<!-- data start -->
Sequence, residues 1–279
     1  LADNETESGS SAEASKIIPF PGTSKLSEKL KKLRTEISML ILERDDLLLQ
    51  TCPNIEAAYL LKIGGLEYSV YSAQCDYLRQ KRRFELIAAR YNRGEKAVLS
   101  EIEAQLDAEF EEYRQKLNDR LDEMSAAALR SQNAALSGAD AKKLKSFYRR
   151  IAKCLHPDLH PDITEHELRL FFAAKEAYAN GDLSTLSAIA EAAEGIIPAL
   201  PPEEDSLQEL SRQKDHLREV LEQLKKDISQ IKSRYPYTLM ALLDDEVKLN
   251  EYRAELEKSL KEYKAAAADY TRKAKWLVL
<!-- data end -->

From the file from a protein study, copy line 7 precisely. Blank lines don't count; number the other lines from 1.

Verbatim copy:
   251  EYRAELEKSL KEYKAAAADY TRKAKWLVL